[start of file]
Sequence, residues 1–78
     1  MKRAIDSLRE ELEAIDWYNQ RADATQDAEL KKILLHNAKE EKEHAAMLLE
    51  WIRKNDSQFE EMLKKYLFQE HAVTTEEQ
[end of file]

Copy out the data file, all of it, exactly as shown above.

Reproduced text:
Sequence, residues 1–78
     1  MKRAIDSLRE ELEAIDWYNQ RADATQDAEL KKILLHNAKE EKEHAAMLLE
    51  WIRKNDSQFE EMLKKYLFQE HAVTTEEQ